At Cafe Gratitude on Larchmont Boulevard, the menu items aren't labeled as soups or burgers or salads or whatever; instead, they're hippie affirmations, like “I Am Liberated” or “I Am Honoring.” When the waitress delivers your order, she tweaks its moniker into the second person. “You are transformed,” she says, placing my beans-and-squash tacos before me.
A fine vegan dish. But LA Vampires members Amanda Brown and her husband Britt Brown have ordered off the raw food side of the menu. Wearing bright red lipstick and big sunglasses — her disordered dyed blonde hair running past her shoulders — the 30-year-old former member of Pocahaunted imparts that they're practicing raw-fooders, a jaw-dropping dietary restriction in a city famous for them. “I've never done drugs,” she says, “but you really get high on how good [raw foodism] makes you feel.”
It's a tenable lifestyle for the pair, actually, considering she spent six weeks studying how to be cook-less chef. Growing up in Agoura Hills it was much worse; her parents “wouldn't budge an inch” on the veganism she developed in her early teens, so she'd too often find herself facing unappetizing dishes at the Sizzler: “Well, this is my dinner, a plate of mushrooms.”
It's fair to say that Brown does things the hard way. The principled way. The way that, while it can be tough, tends to pay off in the end. At least theoretically. That seems to be the working philosophy behind the label she and Britt run, Not Not Fun, which they founded in 2004 while they were dating. (They married two years later.)
The imprint has released some 200 artists' music. Many are getting published for the first time; less common is the situation of dub/psychadelic Wisconsin group Peaking Lights, whose album 936 came out earlier this year and has sold thousands of copies. A big hit for Not Not Fun, it led to the group getting snatched up by major indie Domino, requiring Not Not Fun to get a lawyer to sort out distribution rights. (They still don't have a publicist, or much in the way of press photos. [See above.])
It may not provide health insurance, but running the label is a full-time gig. Still, Amanda is also an author, having studied playwriting at Emerson and now in possession of a two book deal from HarperCollins. Her first — “a young adult novel about teenagers in L.A. in the '90s, autobiographical but also in the supernatural realm,” Britt imparts — is slated to come out in 2012.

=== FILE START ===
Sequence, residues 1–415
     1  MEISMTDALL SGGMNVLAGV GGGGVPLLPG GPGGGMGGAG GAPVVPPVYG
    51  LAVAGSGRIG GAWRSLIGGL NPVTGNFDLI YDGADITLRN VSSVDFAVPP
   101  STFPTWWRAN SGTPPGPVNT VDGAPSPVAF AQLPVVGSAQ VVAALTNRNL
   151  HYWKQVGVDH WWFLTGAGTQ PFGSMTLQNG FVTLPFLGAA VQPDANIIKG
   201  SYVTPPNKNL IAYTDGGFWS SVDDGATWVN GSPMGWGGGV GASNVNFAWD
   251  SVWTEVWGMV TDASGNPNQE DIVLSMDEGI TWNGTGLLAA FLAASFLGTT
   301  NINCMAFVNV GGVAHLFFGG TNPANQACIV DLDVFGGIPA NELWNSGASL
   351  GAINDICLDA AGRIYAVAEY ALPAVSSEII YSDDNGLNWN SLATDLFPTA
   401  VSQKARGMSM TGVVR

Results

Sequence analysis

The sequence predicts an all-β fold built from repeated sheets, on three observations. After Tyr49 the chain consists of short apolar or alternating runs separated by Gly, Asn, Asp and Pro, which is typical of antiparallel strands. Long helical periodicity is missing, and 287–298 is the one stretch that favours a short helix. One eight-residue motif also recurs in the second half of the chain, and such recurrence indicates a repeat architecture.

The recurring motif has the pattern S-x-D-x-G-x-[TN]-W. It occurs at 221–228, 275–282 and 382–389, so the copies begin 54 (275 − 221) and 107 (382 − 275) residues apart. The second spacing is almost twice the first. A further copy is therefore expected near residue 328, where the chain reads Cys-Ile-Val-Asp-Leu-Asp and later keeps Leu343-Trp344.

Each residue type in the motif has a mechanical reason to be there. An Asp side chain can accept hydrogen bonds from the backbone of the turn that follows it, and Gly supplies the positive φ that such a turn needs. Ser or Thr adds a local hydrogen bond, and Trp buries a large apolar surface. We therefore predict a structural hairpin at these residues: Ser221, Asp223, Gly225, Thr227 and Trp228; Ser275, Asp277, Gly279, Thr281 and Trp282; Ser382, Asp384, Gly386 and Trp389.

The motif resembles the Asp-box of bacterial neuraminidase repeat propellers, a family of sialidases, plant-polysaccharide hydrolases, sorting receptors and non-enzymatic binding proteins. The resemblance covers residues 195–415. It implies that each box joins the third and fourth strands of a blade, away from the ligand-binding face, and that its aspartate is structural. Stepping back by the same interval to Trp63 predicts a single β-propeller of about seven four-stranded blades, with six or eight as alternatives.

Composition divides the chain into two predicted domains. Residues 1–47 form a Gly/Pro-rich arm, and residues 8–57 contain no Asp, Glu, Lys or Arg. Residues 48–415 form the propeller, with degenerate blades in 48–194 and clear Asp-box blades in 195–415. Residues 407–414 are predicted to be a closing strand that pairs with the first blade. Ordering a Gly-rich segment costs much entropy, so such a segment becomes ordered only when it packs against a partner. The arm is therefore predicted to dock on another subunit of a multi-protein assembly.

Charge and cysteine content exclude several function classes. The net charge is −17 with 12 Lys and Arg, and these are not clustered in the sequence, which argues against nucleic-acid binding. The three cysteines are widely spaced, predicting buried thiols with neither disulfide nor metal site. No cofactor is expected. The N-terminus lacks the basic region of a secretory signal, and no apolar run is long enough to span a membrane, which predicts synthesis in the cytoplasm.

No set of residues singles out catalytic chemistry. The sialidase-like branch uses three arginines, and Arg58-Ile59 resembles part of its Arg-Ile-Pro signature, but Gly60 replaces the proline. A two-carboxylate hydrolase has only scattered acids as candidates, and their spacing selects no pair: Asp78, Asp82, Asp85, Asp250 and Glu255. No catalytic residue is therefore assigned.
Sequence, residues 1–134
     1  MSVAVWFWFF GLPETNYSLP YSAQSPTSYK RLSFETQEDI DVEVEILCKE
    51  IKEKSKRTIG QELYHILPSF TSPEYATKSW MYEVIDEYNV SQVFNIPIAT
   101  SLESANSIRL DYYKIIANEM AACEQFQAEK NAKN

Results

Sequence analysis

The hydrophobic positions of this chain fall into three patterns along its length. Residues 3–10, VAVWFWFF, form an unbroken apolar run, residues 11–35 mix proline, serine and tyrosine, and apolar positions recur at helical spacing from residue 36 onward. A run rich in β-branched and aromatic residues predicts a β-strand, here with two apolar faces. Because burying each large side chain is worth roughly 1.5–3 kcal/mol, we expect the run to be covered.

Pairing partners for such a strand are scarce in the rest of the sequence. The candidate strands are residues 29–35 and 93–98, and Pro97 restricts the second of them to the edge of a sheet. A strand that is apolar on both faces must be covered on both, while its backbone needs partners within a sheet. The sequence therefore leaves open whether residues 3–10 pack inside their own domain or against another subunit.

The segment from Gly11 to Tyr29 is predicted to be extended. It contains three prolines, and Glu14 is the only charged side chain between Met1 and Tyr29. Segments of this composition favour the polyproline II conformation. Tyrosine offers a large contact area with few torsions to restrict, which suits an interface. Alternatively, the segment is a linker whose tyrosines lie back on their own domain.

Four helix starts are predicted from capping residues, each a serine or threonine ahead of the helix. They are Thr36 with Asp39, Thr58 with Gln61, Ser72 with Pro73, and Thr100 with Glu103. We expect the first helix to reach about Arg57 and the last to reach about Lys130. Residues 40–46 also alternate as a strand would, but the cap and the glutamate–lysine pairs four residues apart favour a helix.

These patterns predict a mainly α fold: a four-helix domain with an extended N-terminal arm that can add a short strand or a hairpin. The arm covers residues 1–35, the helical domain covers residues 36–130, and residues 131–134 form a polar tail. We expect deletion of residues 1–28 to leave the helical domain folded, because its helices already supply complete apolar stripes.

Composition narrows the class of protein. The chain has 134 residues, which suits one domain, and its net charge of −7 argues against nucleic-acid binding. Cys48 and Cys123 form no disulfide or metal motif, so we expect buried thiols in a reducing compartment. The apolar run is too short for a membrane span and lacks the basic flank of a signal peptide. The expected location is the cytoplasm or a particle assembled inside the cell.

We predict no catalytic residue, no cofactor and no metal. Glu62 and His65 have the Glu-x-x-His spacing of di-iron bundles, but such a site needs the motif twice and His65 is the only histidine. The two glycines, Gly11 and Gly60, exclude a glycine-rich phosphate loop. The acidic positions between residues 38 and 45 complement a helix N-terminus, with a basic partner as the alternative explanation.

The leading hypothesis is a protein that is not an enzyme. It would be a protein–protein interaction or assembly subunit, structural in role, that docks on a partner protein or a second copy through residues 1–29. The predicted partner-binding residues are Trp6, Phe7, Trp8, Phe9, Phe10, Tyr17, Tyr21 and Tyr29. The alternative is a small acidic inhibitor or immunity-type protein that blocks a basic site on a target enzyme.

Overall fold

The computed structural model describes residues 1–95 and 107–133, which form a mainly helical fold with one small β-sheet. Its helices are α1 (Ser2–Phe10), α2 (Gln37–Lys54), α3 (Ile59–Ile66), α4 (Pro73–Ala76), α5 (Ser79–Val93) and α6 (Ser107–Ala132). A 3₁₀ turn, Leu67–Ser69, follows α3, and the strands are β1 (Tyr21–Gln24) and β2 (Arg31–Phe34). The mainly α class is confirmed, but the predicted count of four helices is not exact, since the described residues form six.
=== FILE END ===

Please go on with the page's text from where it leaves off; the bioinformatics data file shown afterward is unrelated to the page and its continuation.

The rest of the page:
But in the meantime they've been focused on LA Vampires, a sort of electronic power-synth project for which Amanda composes the lyrics and music. (Britt and keyboard player Nick Malkin perform live with the act.)
LA Vampires will play with Zola Jesus and Xanopticon at the Echoplex on Halloween, and the group just got back from a Polish music festival, where Amanda was treated with great reverence. “People were hugging me like I was a long lost relative,” she says of Krakow denizens at the Unsound festival. “A lady from Kiev said, 'I have been trying to find ecstasy. Your music is my ecstasy.”
The group and Not Not Fun's brand of not-always accessible, dub-influenced drone often plays better on the other side of the ocean, and Europeans go particularly crazy for their spin-off dance imprint, 100% Silk.
It wasn't always this way.
“When we started we were all about L.A. pride,” says Amanda, describing their early years on the Smell scene, supporting acts like Mika Miko, Silver Daggers, and Wives, the predecessors to No Age. “But you look up one day and you don't know any L.A. bands. We've all gotten more national and international.”
Britt Brown, who today wears a newsboy cap and stubble, grew up in Dallas. Amanda calls him her “ultimate editor” for his ability to “reign in” her creativity and shape her albums. Their output has been prodigious. Last year saw the release of the LA Vampires Meets Zola Jesus EP, and they recently did a project with New York rocker Ital. There will soon be another collaborative EP, with producer Octo Octa, on 100% Silk. Amanda is recording new LA Vampires music — “even more dance-oriented, with classic house elements” — which should come out early next year. It may not be released by the Browns, however.
“I worked so hard on these songs that I'm considering reaching out to a wider audience,” she says.
“Our other records had more of a DIY process and were home recorded,” says Britt. “They had strange compression, and were noisy. Some people prefer it to sound more overtly fucked up like that.”
Indeed. And some people like to do things the hard way. But the Browns, an intelligent, charming, and — by their own admission — slightly-snobby pair, are committed to their ethics and principles, even as said principles evolve.
Considering that they're big in Poland, it's fair to say that life is no longer just a plate of mushrooms.
LA Vampires perform on Halloween at the Echoplex